A week ago last Saturday, a fire — later named the Valley Fire — started in Lake County, on the other side of Mt. St. Helena from where I live. It jumped from 40 acres to 1,000 acres in less than an hour, and continued to spread far faster than anyone could have imagined, sending over 17,000 residents running for their lives, including friends, acquaintances, and current and former students of mine. Like so many others, I searched online, hoping and praying, to hear whether they had made it out safely, whether they had been able to take their pets with them, and whether they had any idea if their homes had been spared.
That first night, the sky glowed red above and behind Mt. St. Helena. It was both beautiful and terrifying. My neighbor suggested we write lists of all the important things you need, so we wouldn't miss anything if we had short notice to pack up the car. But we were lucky; the fire didn't come down our side of the mountain.
On the internet, people had posted terrifying photos and videos of apocalyptic scenes, of driving down roads with fires burning on either side, of tall tongues of flame leaping into the sky as gas or propane tanks exploded, of trees becoming tall, tall torches, and of darkened skies thick with soot and smoke and burning embers.
Then, on Tuesday, I drove to the de Young Museum in San Francisco, to see the Turner show (J.M.W. Turner: Painting Set Free) before it closed. Born in 1775, Joseph Mallord William Turner was one of the greatest English painters of the 19th century. Whether art historians agree with me or not, I think of him as the first abstract painter. Although he painted scenes and events, current, historical, and mythological, the scenes and events often seem simply a reason to paint light and storm and fog and fire....
And there, in the first gallery past the entrance, was a wall of paintings of fire.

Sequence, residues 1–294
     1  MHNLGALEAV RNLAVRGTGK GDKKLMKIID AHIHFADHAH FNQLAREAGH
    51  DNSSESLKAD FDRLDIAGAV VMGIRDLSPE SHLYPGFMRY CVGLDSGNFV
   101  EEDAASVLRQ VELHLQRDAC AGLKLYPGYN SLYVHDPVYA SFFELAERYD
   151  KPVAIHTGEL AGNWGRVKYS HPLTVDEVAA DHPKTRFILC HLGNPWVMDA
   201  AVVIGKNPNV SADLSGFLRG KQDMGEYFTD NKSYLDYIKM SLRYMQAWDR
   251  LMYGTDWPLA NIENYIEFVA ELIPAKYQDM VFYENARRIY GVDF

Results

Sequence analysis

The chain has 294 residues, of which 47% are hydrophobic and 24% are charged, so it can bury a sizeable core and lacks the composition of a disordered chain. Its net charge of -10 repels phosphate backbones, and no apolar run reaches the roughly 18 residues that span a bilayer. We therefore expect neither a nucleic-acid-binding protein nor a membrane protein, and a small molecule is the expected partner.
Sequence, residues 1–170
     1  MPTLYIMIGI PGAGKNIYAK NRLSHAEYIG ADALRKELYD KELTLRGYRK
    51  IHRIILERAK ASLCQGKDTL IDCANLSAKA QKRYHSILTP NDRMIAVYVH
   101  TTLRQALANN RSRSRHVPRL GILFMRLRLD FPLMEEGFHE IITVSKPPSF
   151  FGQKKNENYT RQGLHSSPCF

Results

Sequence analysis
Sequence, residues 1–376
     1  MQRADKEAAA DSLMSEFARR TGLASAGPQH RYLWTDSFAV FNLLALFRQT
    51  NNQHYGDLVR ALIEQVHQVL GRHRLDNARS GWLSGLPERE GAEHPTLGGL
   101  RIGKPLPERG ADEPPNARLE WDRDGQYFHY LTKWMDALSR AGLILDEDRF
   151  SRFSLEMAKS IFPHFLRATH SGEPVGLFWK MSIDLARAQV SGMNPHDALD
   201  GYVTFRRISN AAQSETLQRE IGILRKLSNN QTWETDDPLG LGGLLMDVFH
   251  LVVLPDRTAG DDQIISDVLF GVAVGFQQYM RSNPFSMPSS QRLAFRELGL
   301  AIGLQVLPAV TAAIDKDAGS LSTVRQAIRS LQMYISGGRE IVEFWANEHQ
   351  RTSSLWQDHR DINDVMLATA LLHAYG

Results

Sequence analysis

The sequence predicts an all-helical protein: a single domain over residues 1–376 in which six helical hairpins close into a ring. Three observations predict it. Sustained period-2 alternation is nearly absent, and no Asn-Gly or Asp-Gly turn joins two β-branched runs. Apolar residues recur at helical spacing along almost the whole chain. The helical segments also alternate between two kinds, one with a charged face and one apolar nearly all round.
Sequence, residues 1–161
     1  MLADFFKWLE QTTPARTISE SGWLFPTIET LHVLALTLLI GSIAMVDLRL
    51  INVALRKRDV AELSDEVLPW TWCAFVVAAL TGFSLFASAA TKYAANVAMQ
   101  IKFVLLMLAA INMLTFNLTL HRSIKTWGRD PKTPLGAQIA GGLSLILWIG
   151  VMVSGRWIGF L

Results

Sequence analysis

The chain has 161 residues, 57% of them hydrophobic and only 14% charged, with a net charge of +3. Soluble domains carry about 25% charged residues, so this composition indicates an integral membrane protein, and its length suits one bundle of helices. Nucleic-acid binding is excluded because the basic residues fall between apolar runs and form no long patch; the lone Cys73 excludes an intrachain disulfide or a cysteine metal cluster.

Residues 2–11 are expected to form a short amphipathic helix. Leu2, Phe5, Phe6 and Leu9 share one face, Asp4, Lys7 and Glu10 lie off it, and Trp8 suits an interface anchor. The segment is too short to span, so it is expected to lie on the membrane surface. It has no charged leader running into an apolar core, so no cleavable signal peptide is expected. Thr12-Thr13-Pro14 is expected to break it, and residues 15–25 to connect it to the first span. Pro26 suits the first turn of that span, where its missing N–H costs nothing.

Turner didn't have a camera or an iPhone to record the terrifying fires of his time; he had only his watercolor paints and paper. The description of these three watercolor sketches said that the fire, which began October 30, 1841, burned for several days, and that most likely Turner sketched these on the other side of the moat, standing in the enormous crowds that had gathered.
Just down the wall a bit from Turner's watercolors of that fire was an oil painting of another fire, that of the Houses of Lords and Commons in 1834. Here, the flames rise high into the night, with an intensity of light and thick clouds of smoke. Crowds gather on the near shore, unable to stop it, able only to witness the fury of the inferno.
Detail of The Burning of the Houses of Lords and Commons, 16th October, 1834 • oil paint on canvas • J.M.W. Turner • photo courtesy of Linda Huffman. I have saturated the colors here a little, to try to envision what the intensity and color may have originally looked like when Turner first painted it.
Turner's colors have faded considerably since he painted these, so I saturated the image above to see something of what they might have originally looked like. It reminds me of the apocalyptic videos I watched online, and the photos of the raging flames.
Like the crowds gathered in Turner's painting, we too stood and watched. I don't know how many others thought of those horrific images from the Valley Fire as they looked at these paintings. I did, and I thought of the ghastly power and ferocious speed and damage of the blaze. Just like the witnesses Turner painted, we witnessed the devastation he recorded in the painting, and we witnessed the devastation of this week's fire in photographs and videos.
But some people saw it firsthand as they ran to their cars and drove to safety; or as they warned residents to leave, saving those residents' lives, and as they fought the fire so valiantly.
I've been learning, as each day goes by, who among my friends has a home to return to, and who does not.
I brought donations on the first Sunday morning for the evacuees, and though it was little in the scale of things, every little thing adds up. Our friends and neighbors have been devastated, and need our prayers, our thoughtfulness, our kindness, our generosity, and our help. There but for fortune, it could have been any of us.
To donate items to the evacuees who are now returning to Lake County, you can follow this link to find where to take donations: http://www.lakecountylac.com/donation-centers.html
To give a gift of money, there are a number of organizations you can contact, including Redwood Credit Union, who will ensure that 100% of donations will make it directly to victims of the Lake County fires. https://www.redwoodcu.org/about-rcu/news-announcements-specials/rockyfire
My thanks to Santa Cruz artist Linda Huffman, who took photographs of the exhibit and shared them with me for this blog post.
Karen Lynn Ingalls
I am a working artist in Napa and Sonoma Counties, in northern California. I paint colorist landscapes of rural California, teach art classes, workshops, and private lessons, live in Calistoga, and have my art studio in Santa Rosa, California.